Myeloma Awareness Month is sponsored by the International Myeloma Foundation, the leader in global collaborative myeloma research. The IMF brings together the world’s leading experts in the most successful and unique way through the International Myeloma Working Group (IMWG), which is charting the course to a cure, mentoring the next generation of innovative investigators, and improving lives through better care.

The Chattanooga Multiple Myeloma Networking Group meets the third Thursday of the month, from 6–7:30 p.m., at the Memorial Center for Cancer Support.  

For more information, contact Linda Huguelet at 423 779-4907 or go online to www.chattanooga.myeloma.org.

Celebrating its 22nd anniversary, the International Myeloma Foundation is the oldest and largest myeloma organization, reaching more than 215,000 members in 113 countries worldwide. A 501 (c) 3 non-profit organization dedicated to improving the quality of life of myeloma patients and their families, the IMF focuses on four key areas: research, education, support, and advocacy. To date, the IMF has conducted more than 250 educational seminars worldwide, maintains a world-renowned hotline, and established the International Myeloma Working Group (IMWG), a collaborative research initiative focused on improving myeloma treatment options for patients. The IMF can be reached at 800 452-CURE (2873). The global website is myeloma.org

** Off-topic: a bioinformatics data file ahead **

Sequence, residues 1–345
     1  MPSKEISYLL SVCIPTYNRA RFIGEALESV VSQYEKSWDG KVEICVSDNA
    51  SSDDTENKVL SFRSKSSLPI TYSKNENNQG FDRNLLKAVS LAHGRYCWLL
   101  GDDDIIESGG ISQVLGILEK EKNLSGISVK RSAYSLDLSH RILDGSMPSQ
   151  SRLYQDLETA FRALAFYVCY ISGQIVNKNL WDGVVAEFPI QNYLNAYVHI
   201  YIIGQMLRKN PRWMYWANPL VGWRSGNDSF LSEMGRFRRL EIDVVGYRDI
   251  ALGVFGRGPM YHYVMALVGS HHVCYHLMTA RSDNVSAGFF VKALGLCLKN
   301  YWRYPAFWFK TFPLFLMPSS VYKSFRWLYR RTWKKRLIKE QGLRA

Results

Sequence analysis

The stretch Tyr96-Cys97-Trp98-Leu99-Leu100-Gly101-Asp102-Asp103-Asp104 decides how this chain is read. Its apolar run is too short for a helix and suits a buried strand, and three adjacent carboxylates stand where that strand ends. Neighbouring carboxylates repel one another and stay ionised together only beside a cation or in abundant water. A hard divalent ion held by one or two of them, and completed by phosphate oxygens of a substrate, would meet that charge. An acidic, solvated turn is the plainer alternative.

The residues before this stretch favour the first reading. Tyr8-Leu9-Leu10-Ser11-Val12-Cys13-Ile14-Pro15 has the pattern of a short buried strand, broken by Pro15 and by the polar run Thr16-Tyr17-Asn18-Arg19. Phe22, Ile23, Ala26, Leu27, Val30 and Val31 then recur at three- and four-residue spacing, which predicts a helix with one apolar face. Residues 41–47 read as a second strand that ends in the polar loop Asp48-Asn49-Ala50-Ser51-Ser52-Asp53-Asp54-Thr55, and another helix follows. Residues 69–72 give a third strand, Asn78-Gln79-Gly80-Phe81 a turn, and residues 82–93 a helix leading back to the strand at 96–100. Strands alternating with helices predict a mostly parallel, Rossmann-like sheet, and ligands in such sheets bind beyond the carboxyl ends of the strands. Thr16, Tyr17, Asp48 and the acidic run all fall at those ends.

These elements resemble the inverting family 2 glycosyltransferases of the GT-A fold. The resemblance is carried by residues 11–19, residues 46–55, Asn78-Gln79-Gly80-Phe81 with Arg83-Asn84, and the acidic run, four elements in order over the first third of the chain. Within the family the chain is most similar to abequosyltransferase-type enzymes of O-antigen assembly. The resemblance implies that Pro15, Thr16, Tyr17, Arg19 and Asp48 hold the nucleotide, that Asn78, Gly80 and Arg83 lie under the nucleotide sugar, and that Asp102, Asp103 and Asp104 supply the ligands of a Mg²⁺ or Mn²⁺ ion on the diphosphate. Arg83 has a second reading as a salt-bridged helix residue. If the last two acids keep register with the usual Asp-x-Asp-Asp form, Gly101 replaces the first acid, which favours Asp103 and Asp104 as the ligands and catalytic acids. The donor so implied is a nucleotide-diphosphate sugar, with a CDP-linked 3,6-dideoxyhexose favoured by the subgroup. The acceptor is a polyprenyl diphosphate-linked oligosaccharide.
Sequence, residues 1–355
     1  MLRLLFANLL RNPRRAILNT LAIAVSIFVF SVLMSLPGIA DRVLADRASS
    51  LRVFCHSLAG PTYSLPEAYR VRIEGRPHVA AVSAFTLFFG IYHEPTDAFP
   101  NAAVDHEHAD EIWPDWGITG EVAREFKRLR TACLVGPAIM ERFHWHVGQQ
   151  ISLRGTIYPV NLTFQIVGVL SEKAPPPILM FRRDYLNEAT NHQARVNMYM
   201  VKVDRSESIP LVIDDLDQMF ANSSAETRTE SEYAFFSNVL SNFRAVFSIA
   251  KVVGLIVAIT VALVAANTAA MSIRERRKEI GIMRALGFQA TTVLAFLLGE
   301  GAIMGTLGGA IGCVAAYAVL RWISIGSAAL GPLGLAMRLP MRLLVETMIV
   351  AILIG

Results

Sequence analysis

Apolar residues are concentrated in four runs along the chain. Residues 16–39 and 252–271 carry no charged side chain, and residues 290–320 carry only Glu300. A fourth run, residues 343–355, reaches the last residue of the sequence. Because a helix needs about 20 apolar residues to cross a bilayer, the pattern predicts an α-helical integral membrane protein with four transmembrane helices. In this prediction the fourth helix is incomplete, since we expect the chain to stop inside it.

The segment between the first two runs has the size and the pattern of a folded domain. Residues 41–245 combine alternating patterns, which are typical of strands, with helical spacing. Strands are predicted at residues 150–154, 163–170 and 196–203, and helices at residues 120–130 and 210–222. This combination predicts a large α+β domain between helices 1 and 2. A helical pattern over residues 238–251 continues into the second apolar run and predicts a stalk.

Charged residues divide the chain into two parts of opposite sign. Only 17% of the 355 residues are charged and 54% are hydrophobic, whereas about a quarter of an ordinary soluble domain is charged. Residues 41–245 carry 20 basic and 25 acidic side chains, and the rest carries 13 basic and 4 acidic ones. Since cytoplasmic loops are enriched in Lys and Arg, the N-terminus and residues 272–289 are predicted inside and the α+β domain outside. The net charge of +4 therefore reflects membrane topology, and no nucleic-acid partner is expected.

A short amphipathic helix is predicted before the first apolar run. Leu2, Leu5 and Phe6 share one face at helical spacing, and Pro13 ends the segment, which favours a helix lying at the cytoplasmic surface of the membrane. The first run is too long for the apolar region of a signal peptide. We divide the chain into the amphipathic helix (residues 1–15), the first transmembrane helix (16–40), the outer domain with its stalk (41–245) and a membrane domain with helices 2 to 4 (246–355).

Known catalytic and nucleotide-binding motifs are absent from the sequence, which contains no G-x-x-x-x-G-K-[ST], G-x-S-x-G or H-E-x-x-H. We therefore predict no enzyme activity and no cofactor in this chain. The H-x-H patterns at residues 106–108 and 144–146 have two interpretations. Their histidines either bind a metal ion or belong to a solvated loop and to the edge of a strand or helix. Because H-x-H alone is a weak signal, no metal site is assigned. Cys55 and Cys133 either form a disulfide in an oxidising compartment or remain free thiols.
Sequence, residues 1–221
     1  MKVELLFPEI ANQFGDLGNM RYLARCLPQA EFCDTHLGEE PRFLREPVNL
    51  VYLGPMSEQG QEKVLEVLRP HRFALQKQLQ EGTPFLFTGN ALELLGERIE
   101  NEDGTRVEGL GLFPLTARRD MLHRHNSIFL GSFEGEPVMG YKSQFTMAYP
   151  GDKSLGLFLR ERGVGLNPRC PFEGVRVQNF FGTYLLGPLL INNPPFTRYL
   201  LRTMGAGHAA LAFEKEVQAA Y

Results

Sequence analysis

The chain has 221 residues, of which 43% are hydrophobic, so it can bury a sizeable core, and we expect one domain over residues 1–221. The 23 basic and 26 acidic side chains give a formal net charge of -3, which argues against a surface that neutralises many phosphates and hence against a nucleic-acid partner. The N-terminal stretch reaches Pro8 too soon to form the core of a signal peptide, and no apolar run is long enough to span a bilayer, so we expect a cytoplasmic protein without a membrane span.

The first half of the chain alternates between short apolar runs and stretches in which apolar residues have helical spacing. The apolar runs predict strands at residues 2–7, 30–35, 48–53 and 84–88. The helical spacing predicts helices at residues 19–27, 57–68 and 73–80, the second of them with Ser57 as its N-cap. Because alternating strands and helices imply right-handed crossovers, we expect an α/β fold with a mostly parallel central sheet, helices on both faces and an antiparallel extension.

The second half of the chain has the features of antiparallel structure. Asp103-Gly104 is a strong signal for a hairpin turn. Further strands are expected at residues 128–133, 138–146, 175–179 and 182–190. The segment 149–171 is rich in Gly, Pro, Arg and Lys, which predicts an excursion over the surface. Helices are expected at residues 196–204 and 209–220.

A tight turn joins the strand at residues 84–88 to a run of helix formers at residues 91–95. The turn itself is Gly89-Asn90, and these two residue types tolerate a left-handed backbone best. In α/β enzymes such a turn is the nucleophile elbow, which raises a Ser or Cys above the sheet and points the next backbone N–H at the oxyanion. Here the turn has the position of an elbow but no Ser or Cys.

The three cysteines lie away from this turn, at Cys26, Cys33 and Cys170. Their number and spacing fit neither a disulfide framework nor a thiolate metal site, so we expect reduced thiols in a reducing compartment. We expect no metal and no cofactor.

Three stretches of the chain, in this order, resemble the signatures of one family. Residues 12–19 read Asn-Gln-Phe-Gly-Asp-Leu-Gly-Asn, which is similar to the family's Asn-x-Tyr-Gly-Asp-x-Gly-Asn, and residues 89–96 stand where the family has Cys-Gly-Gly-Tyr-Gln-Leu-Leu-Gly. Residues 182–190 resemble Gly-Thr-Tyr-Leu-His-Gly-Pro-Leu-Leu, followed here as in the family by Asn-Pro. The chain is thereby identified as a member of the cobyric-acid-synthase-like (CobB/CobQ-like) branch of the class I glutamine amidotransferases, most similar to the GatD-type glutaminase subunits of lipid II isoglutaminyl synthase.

World AIDS Day Events Held Dec. 1 And 6

The Southeast TN Council for HIV/AIDS Care and Prevention, in partnership with the city of Chattanooga and The Hunter Museum of American Art, will host World AIDS Day 2015 events on Tuesday, Dec. 1, and Sunday, Dec. 6. These events will highlight the arc of the pandemic, how the southern United States is the epicenter of the domestic HIV/AIDS epidemic, the ... (click for more)

Free Metabolic Seminars Hosted By CHI Memorial Metabolic And Bariatric Care